I am excited to introduce you to my sons, Nick and Daniel, today. It’s hard to wrap my head around the fact that they are both Enneagram Fours – The Individualist. It sure would have been helpful to know what I know now about fours as I was trying to figure out how to parent them. Daniel takes the lead on this post and you’ll hear from Nick at the end. Thank you for joining us today.
Had someone said to me, “Hey there’s this new personality test called the Enneagram and you should take it,” I probably would have nodded, said it sounded cool and promptly ignored the suggestion. That is not how it went for me, thankfully. When my wife and I served alongside the pastoral staff of a church in Cincinnati, we learned of the Enneagram as a way to grow as self-aware people who follow Jesus. This appealed to me greatly because I live with the conviction that we can all benefit from having some self-awareness. The funny part is, as a Four, that self-awareness is the lifeblood flowing through my veins. That desire for self-awareness and living in light of it leads to a hunger for authenticity both within myself and certainly within others. Let me paint the canvas of a Four with more clarity.
Who is the Individualist?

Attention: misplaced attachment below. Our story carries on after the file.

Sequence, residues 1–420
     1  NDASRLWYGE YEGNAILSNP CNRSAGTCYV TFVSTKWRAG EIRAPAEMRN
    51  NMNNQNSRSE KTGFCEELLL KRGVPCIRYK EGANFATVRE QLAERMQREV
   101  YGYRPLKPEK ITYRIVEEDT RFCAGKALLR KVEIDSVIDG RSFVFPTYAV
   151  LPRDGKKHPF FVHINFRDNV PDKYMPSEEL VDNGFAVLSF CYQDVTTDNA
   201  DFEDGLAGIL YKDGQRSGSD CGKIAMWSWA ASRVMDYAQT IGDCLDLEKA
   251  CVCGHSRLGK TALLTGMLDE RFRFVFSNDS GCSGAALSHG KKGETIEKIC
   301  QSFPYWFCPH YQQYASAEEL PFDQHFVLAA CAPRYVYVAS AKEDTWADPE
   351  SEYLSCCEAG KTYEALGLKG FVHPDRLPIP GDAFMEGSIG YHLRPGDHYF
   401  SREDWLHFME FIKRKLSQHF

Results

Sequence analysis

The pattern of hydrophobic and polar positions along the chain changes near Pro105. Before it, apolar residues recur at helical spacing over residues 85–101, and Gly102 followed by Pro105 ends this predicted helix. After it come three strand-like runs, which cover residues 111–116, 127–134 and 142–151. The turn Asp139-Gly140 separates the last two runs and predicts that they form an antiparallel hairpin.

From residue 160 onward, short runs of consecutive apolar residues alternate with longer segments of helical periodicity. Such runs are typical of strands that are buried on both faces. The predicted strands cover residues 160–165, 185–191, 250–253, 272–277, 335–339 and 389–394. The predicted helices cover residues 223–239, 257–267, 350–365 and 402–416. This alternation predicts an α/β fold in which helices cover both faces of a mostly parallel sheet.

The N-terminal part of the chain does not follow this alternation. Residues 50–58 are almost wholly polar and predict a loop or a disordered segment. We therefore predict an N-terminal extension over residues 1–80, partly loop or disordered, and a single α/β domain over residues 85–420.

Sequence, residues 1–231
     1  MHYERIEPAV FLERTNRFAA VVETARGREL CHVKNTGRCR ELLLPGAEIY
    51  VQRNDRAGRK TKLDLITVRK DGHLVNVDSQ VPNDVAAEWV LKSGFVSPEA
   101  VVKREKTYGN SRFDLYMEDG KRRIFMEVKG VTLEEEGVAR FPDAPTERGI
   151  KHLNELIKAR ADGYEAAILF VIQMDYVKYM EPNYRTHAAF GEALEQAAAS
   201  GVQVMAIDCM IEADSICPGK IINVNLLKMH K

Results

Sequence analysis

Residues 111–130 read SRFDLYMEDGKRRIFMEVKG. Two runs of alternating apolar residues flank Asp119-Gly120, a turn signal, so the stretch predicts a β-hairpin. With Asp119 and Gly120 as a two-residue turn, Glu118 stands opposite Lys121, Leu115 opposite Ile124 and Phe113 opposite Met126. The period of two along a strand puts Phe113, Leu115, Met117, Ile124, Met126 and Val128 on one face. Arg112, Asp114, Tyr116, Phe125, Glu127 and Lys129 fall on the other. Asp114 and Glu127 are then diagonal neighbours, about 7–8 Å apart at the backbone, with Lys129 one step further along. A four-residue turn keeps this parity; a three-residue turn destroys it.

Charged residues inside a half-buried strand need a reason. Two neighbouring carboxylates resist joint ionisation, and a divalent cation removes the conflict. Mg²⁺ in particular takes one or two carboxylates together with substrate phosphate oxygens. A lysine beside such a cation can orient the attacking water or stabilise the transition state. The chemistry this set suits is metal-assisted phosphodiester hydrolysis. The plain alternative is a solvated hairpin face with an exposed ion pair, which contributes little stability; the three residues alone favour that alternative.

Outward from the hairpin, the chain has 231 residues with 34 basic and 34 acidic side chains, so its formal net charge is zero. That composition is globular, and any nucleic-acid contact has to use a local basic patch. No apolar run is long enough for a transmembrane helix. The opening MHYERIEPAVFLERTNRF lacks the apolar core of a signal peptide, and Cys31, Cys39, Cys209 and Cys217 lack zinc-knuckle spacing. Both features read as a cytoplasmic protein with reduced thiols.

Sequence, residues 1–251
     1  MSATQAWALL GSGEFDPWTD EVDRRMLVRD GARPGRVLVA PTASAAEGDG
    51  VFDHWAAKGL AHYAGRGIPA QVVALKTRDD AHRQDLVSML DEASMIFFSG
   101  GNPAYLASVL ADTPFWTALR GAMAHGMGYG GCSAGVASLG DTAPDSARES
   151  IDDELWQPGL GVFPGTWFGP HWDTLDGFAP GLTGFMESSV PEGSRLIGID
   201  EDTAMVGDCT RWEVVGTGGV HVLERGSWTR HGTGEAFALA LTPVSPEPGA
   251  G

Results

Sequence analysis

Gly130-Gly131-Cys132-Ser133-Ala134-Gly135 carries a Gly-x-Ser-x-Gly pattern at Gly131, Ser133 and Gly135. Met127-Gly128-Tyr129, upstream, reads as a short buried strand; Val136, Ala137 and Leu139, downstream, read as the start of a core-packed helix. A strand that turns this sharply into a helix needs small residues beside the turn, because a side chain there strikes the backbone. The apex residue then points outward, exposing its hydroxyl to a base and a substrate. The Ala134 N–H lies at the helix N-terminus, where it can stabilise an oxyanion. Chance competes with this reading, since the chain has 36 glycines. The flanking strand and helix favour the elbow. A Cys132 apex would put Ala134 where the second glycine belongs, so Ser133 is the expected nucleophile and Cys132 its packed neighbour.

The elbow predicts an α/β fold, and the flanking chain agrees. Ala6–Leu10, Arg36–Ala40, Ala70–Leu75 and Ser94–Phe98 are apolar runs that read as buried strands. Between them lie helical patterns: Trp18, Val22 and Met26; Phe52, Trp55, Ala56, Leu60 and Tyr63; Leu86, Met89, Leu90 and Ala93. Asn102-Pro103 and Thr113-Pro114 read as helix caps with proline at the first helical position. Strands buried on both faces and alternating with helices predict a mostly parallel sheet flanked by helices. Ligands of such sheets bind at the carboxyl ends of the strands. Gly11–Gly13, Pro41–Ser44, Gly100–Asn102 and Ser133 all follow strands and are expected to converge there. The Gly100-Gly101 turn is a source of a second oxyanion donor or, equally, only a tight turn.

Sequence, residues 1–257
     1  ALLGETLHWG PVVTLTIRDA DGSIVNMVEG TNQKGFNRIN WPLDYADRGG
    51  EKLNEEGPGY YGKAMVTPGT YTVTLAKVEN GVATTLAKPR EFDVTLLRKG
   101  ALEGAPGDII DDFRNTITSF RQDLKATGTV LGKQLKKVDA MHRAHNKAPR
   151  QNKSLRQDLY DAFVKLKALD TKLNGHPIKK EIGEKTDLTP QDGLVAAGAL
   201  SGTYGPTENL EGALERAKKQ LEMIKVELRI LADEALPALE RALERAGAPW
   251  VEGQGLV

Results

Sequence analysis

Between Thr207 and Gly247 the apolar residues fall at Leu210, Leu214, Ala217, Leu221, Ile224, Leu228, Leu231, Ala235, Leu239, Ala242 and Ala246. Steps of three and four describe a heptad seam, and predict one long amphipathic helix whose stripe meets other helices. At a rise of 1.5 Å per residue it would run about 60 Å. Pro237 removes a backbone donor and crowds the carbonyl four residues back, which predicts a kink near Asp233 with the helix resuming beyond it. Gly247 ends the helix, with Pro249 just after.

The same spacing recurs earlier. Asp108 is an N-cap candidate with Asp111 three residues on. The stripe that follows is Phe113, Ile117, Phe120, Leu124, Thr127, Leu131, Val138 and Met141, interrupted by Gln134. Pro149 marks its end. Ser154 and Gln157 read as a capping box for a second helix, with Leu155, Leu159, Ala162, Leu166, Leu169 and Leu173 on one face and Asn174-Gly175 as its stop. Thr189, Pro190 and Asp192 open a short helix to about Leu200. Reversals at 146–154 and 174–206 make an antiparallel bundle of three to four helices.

In some literature, a Four is called the Individualist, while other times they can be identified as the Romantic. One time, I had even heard Fours named the Bohemian, which I find hilarious, but fitting in its own way.
We Fours love to be different, sometimes eccentric. We often are the creative types in the room. There is a longing for others to see us as humans who have something unique to contribute to a project or to a community. We can even come off as melancholy here and there. Why? Because many times, we are leading with our emotions (all of them) and we empathize as best we can with the pains and the joys of the world around us. Our best work arises from those places where we have felt the hurt of sin and suffering in the world as well as the joyous celebration that comes from the Holy Spirit.
Fours are not their Emotions
One of the things I am learning over and over in my quest for authenticity and individuality is that “I am not my emotions.” My wife will even remind me of this from time to time and she’s absolutely right. As a Four, I can sometimes only see through the lens of my emotions in that moment. It’s so challenging to imagine that I’m not seeing the complete picture. Honestly, that can be a scary place. I’m learning that the truth is broader than my sight in those moments. When I want to go inwards and rely solely on my emotions, I’m not getting the best interpretation of my situation. When I choose to submit to the wisdom of others and value what they are actually telling me, I get a much clearer sense of what is happening around me.
Today, there’s a fine balance I’m trying to find between hearing my emotions and heeding the wisdom of others. Admittedly, it can take me a few times to really hear my loved ones because I can also be stubborn. Nevertheless, there’s another part of the equation that I hope is speaking louder than my emotions. It also coincides with the guidance of my closest people- PRAYER.
The Gift of Prayer